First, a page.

The wave of downtown demonstrations of the past few years has, therefore, continued to strike me as more theater than politics. A few hundred people, mobilized via text-messaging and e-mail, surrounded by 10 or 20 times their number in anti-riot police; often left to their own devices; and occasionally, and wholly unpredictably, pounced upon in paroxysms of police frenzy – none of it seemed to ring very true.

This is not to disparage the energy, genuine courage and sheer persistence of this core of activists, who, in 2005, captured the attention of the world media by their determined battle for democracy. Yet, for all that, I could not help but feel that the downtown demonstrations were not so much a function of the expansion of the democratic right to free expression and peaceful protest, as they were testimony to the protracted disintegration, over the past quarter of a century, of the very space in which such rights can have any meaning – that is, of politics. It’s not that more democratic rights have been won since the seventies; they had merely been rendered insignificant.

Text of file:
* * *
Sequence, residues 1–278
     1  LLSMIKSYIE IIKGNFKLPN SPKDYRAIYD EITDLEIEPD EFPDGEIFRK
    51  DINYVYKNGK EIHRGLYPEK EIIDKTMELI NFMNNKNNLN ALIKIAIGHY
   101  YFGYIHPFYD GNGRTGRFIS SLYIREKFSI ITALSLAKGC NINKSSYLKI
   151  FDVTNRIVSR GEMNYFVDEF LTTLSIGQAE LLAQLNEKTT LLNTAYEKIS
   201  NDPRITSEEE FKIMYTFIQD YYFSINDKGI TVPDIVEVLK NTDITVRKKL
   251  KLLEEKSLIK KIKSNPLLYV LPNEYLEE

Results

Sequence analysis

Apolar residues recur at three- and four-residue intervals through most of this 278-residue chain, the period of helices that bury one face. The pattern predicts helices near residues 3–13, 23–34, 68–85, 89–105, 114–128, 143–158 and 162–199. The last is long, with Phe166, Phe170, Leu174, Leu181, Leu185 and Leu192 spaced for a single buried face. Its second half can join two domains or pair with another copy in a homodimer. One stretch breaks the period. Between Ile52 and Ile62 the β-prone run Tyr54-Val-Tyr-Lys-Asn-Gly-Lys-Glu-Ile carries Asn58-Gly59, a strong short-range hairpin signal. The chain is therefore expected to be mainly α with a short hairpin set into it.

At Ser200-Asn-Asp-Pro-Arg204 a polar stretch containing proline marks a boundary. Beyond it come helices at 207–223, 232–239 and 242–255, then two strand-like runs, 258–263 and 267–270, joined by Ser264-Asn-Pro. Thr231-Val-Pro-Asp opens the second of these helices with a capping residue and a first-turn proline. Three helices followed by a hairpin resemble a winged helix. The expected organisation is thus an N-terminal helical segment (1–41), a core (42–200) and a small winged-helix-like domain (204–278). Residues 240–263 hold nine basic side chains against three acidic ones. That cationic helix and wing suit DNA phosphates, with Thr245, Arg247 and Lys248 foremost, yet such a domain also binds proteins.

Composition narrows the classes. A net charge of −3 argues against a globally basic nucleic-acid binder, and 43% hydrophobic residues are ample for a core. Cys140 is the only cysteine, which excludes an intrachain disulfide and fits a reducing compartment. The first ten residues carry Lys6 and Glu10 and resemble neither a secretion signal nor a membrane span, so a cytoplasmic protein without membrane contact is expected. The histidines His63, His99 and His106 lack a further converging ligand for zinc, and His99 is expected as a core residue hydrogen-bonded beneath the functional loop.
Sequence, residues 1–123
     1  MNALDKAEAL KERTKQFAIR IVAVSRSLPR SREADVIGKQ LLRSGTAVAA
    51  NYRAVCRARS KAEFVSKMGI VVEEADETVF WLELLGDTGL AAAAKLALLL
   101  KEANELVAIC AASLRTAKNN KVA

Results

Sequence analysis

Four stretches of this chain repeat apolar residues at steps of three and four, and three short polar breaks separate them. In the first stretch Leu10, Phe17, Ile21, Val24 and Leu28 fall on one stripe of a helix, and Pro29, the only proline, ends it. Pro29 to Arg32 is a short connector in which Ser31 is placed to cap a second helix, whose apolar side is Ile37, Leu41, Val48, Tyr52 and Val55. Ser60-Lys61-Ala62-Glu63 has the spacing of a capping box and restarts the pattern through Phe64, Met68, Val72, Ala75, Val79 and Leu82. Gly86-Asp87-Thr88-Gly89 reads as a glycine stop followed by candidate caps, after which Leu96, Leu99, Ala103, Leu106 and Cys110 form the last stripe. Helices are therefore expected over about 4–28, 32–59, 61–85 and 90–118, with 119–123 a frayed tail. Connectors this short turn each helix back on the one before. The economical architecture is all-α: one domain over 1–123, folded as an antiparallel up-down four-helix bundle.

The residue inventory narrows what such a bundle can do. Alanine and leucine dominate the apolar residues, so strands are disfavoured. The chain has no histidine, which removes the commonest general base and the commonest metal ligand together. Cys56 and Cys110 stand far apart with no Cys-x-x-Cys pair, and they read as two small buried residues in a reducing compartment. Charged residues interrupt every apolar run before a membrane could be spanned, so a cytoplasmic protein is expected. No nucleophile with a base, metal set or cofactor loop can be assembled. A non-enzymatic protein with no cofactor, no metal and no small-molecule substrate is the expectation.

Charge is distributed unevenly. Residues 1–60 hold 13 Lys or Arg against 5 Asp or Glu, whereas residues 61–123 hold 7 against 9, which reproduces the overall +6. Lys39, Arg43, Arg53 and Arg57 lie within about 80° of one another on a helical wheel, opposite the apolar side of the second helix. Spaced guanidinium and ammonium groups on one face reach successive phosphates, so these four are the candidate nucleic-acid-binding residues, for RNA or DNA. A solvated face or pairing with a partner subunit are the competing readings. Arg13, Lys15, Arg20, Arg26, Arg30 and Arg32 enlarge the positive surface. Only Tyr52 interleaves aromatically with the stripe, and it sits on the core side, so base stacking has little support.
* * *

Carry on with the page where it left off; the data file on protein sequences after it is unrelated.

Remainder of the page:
“How many people do you think are gathered here? the foreign TV reporter was asking my old friend, a fellow veteran of the ’70s student movement and a leader of the Kefaya (Enough) movement that shot to international renown last year. “A few thousand, my friend answered unabashedly, to my utter amazement. I had estimated something in the order of 5 to 700 – an estimate which I would have thought the reporter, with a camera crew at her back, could have made for herself.

I had already discovered that this was an ‘invitation only’ demonstration. At last, I felt, I had uncovered the full subtleties of the police counter-demonstration strategy. It was brilliant in its simplicity. Huge contingents of anti-riot police laid a tight siege to the demonstrators, who, squeezed into a small corner of the “square, were surrounded by wider circles made up of hundreds of civilian-clad and uniformed policemen. The encirclement was nearly 10 tight circles deep.